Let me give you a snapshot of one of my defining moments I share in the book. On a cold and rainy December day in about 1987, I was on my way to some Christmas parties: think big Texas hair and 80s fun-loving baby lawyer. I got a call around 4:30 p.m. from the probate court. I was told I had just been appointed the temporary guardian of an elderly man because Adult Protective Services had been unable to verify his status earlier that day. His utilities were cut off, and an allegedly drug-crazed nephew who might have guns could be holed up in the house with him. It was my job to get out there and verify his status: dead or alive. I picked up the order appointing me and headed out to the ghetto.
It was dark and rainy, and the place truly was on the wrong side of the tracks—the railroad tracks were next door to the house at the end of a deserted cul de sac. Luckily, I had a cell phone back then (it might have weighed 3 pounds), and I called 911. By the time I arrived, so had the police, an ambulance, and a fire truck. The group of first responders knocked on the door. They came back to me and said that no one answered and they prepared to leave. I knew I had to get into the house, but I had no idea what to do.
Somehow I managed to pull the order out and say to that group of men in uniform in the deepest, most powerful voice I could muster, “This order gives me the authority over this man’s life, and the judge ordered me to make sure he is not in this house. I am not leaving here until we know for sure. You need to bust down his door right now.” They gave me a quizzical look, then looked at one another. The power of that order and the conviction in my voice must have done the trick because they immediately broke down the door.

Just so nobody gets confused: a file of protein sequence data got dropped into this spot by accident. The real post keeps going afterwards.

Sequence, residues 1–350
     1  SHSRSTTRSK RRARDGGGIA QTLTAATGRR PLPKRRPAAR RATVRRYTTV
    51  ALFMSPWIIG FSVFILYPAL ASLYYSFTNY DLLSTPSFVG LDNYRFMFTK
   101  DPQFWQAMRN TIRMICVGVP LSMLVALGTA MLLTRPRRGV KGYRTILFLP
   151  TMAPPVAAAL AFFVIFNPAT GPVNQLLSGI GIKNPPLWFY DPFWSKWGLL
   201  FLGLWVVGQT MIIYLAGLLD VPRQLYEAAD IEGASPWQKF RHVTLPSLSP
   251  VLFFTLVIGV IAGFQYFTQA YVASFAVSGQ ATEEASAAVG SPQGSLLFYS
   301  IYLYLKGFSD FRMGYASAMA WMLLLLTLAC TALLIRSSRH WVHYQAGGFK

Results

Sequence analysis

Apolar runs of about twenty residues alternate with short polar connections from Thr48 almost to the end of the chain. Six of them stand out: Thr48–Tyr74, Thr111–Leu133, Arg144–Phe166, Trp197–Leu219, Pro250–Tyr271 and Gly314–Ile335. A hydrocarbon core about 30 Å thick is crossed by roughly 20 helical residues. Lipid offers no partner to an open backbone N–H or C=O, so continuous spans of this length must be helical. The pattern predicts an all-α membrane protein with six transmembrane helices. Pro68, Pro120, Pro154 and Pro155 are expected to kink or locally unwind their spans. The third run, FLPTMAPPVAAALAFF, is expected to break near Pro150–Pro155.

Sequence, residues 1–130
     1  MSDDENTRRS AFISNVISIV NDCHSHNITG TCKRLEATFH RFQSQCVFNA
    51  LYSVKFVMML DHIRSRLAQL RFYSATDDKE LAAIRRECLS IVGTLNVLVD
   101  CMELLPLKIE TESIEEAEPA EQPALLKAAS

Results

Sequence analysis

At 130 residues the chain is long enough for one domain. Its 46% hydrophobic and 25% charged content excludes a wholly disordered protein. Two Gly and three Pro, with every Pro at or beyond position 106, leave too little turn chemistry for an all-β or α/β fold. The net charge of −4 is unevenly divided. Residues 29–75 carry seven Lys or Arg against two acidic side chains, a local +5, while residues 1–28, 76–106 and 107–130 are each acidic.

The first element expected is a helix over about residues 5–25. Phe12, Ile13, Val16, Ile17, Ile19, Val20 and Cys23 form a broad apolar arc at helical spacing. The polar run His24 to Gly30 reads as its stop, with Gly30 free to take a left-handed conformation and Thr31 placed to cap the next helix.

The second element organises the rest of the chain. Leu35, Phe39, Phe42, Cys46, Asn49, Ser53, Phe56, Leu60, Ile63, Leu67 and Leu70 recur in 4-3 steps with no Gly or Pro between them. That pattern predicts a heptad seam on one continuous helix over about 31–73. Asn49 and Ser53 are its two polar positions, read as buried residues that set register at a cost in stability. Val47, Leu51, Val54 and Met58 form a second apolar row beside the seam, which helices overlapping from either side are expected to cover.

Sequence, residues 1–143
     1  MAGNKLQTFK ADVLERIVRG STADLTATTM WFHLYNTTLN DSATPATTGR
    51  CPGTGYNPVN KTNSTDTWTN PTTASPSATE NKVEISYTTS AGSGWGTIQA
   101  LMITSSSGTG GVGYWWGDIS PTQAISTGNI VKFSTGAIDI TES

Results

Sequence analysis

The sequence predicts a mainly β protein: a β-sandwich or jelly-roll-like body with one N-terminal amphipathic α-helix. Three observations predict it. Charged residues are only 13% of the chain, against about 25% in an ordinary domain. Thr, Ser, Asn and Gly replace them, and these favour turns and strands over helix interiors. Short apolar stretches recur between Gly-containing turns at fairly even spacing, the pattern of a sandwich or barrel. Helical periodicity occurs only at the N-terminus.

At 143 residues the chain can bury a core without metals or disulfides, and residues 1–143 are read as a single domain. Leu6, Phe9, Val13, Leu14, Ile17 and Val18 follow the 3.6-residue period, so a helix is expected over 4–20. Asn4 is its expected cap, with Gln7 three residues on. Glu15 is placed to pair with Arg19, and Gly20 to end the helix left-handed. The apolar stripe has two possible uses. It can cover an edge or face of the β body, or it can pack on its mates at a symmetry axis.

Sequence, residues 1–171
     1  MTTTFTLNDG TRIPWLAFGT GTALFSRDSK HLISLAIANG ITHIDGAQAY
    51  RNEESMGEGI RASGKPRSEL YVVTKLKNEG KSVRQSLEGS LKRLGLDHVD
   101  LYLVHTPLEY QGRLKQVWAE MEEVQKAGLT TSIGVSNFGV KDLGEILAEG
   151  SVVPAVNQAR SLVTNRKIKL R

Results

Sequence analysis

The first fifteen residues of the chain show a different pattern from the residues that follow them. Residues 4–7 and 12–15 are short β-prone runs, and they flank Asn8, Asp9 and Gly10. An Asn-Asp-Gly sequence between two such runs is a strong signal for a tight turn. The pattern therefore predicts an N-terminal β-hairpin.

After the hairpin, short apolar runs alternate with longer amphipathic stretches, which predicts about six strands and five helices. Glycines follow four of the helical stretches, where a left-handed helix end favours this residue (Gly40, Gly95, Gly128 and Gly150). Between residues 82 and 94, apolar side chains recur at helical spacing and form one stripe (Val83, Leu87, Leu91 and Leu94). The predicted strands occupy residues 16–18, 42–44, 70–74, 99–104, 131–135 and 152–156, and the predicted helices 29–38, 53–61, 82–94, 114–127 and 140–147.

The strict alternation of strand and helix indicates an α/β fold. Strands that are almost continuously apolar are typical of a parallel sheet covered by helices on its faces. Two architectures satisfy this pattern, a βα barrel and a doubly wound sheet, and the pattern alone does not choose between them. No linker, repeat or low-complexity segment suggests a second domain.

A couple of minutes later I heard, “Ms. Bragg, come in here.” When I walked inside, I heard a frail old man hollering, “He stole my money.” The cops had flashlights and there was Mr. Foreman, cowering on his couch; thin, covered in feces and urine; no electricity; the house freezing cold. The horrible sight is etched in my brain even today. They put him on a stretcher and as he was passing me, clearly still in shock because he was also blind, I laid my hand on his chest and said to him, “Mr. Foreman, I am Melanie Bragg. I am your legal guardian. You are going to be okay. I am taking care of you now. You are going to the hospital, and I will see you there.”
In that moment, with my hand on his heart, I felt this incredible transference of energy, and I quickly saw all those years of waiting tables, serving Mexican food to ungrateful people, studying long hours, being unsure of myself and my future, flash before me. I knew then that what I was doing in that moment was my life’s calling, that being a lawyer was so much more than making money, that my vocation gave me the power to save lives. I heard in my mind’s voice the words white angel. And I knew I was being used for a higher purpose.
What is your defining moment? Share your story with me at email@example.com and look for upcoming columns. I can’t wait to get our conversation started.